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Nuts and Whippy

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Who remembers the hot roast peanuts that Woolies sold?

The lady server wore a white hat and overall with the letter W embroided in red and she used a little metal scoop to transfer the warm nuts from a glass case. The white bag she put them in became transparent with the oil from the nuts.

Think there were other nuts available too

Near the entrance was an ice cream machine that dispensed soft whippy. This was well before Mr Whippy vans. In front of the machine was a fat tubular chrome barrier that you stood behind whilst being served. Don't think 99s had been thought of then.

Another memory is the beautiful wooden floor boards.

This would have been ca 1956/7

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Is this the one in Hockley? I remember the wooden floor, but not the hot nuts or ice cream. 

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I'm thinking of the big one near Carrington St.

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In the mid 60s, there was a Tesco in Hockley. It had automatic glass doors, the first I'd ever seen. They made people nervous! Now they're everywhere!

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#1

 

I remember their biscuit counter! Tins of biscuits lined with white corrugated paper and inclined at a 45 degree angle. Caramel coated shortbread, fig biscuits, chocolate digestive! Yummy! I was just about level with the wooden counter below the glass insert in those days. Mum always bought a bag of caramel coated ones.

 

My ambition was to work on Woolworths biscuit counter but they got rid of it before I left school!  :(

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53 minutes ago, Mess said:

I'm thinking of the big one near Carrington St.

 

I believe it was officially classed as being on Lister Gate, which looked like this before Broad Marsh Centre ruined everything.

woolworth2_zpsebnczdiq.jpg

 

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That's the one Cliff Ton

However I can't see the ice cream at the front of the store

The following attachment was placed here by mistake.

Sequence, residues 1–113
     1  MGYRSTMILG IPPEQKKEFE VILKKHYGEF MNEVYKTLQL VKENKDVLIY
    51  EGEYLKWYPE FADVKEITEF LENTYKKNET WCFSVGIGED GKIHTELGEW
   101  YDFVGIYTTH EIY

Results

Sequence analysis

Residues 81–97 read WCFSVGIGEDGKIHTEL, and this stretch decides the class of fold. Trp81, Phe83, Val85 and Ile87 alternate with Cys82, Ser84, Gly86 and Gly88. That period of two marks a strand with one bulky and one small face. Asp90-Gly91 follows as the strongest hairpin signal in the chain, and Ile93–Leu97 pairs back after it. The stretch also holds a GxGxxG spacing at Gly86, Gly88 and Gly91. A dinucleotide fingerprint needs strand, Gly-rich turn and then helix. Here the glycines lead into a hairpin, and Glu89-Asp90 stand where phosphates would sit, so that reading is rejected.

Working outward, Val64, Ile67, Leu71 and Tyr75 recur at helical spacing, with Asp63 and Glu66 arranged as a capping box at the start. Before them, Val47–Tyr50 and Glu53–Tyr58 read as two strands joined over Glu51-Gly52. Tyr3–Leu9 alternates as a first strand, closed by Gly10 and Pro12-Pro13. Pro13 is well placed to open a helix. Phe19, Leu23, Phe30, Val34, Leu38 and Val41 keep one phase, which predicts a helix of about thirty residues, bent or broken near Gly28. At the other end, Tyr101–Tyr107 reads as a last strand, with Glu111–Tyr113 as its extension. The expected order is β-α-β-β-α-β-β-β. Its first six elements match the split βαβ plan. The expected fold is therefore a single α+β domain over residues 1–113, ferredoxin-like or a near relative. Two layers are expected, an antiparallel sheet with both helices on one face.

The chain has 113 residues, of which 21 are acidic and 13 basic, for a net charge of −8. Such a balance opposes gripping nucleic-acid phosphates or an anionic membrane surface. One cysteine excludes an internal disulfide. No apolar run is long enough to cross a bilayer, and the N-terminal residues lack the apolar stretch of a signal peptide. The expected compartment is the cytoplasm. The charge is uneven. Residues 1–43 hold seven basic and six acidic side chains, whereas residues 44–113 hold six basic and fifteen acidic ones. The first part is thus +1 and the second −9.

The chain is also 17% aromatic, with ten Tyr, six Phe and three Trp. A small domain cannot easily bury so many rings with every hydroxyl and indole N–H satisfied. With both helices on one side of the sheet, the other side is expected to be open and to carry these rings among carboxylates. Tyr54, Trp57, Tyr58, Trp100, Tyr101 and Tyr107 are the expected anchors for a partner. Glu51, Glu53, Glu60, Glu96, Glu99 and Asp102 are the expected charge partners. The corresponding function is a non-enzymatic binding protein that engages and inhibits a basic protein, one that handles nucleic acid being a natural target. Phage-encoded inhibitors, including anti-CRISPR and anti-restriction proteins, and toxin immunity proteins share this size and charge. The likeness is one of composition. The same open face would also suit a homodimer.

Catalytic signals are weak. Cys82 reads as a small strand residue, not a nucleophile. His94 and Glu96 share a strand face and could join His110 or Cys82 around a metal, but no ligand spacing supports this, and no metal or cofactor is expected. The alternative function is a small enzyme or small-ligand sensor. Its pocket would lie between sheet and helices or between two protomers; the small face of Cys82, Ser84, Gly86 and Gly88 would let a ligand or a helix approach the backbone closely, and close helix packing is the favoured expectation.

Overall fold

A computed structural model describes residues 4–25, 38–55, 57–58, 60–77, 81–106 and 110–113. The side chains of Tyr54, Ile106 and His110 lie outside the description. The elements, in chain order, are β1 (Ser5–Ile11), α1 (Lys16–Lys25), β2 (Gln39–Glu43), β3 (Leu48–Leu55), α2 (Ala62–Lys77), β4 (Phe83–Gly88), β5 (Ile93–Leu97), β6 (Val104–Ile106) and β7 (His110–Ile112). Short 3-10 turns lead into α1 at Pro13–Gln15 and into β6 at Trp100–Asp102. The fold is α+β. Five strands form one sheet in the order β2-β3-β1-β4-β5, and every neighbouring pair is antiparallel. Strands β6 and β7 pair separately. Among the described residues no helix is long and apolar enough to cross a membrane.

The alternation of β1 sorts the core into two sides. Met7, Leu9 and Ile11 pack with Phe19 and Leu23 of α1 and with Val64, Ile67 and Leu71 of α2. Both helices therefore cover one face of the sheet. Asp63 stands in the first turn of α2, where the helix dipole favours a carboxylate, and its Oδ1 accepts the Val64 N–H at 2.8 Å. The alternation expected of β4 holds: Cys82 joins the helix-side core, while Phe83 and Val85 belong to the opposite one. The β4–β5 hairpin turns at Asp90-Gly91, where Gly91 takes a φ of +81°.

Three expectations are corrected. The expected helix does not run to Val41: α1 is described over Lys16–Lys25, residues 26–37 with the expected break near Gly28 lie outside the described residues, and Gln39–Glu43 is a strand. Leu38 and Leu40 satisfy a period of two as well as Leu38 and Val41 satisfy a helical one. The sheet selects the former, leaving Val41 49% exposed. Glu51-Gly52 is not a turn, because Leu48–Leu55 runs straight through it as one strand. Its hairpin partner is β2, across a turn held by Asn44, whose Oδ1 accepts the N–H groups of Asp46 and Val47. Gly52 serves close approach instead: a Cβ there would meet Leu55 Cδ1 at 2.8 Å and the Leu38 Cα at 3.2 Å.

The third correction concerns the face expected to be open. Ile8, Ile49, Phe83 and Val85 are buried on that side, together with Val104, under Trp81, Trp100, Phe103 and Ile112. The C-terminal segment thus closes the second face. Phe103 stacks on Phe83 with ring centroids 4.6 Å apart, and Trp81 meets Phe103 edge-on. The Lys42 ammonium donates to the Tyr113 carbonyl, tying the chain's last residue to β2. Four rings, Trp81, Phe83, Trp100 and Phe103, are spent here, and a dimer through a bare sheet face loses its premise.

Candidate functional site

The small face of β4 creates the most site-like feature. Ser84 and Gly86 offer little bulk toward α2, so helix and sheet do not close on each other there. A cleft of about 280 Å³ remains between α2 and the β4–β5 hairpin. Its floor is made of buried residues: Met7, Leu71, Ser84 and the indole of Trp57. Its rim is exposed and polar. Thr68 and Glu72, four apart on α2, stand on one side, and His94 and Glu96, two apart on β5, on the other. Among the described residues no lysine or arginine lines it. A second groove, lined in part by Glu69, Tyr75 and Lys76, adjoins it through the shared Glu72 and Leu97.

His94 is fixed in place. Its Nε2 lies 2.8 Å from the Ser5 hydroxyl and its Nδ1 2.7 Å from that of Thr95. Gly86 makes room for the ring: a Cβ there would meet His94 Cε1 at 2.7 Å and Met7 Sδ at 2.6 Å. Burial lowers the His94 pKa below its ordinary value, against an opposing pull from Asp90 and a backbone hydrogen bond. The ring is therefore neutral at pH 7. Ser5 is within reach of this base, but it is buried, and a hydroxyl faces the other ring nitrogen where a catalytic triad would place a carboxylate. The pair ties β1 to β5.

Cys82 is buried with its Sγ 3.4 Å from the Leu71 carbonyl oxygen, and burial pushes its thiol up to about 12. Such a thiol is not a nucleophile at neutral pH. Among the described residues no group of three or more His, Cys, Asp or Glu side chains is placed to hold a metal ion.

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Yes, Cliff Ton's pic shows the original store which had wooden floors. When it was extended the other side of the Sawyers during the sixties, the floors were all tiled. The hot nuts were before my time but the Carpigiani soft ice cream machines and chrome barriers were there when I worked there early '70s. Woolies were fairly quick off the mark with soft ice cream as early as '56/57, it was still relatively new in the US at that time.

 

Much of Woolies UK products and strategy followed on from what was working in their US stores.

 

The following site has loads of fascinating info.......

 

http://www.woolworthsmuseum.co.uk/

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Great link TBI

There's a reference to freshly roasted peanuts on that site but I've not found any pictures yet.

I've just remembered another Woolies innovation. The store on Radford Rd Hyson Green were selling soft white bread rolls in the early 60s that were actually called "Softies"

They were very popular because most bread rolls at the time were crusty and quite hard.

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#8

 

What a fantastic site, TBI! There's even a photo of the biscuit counter with all those tins and white paper bags! It's like a trip back to childhood. Can almost smell those yummy biscuits. Ilb of caramel-coated shortbreads, please!  :rolleyes: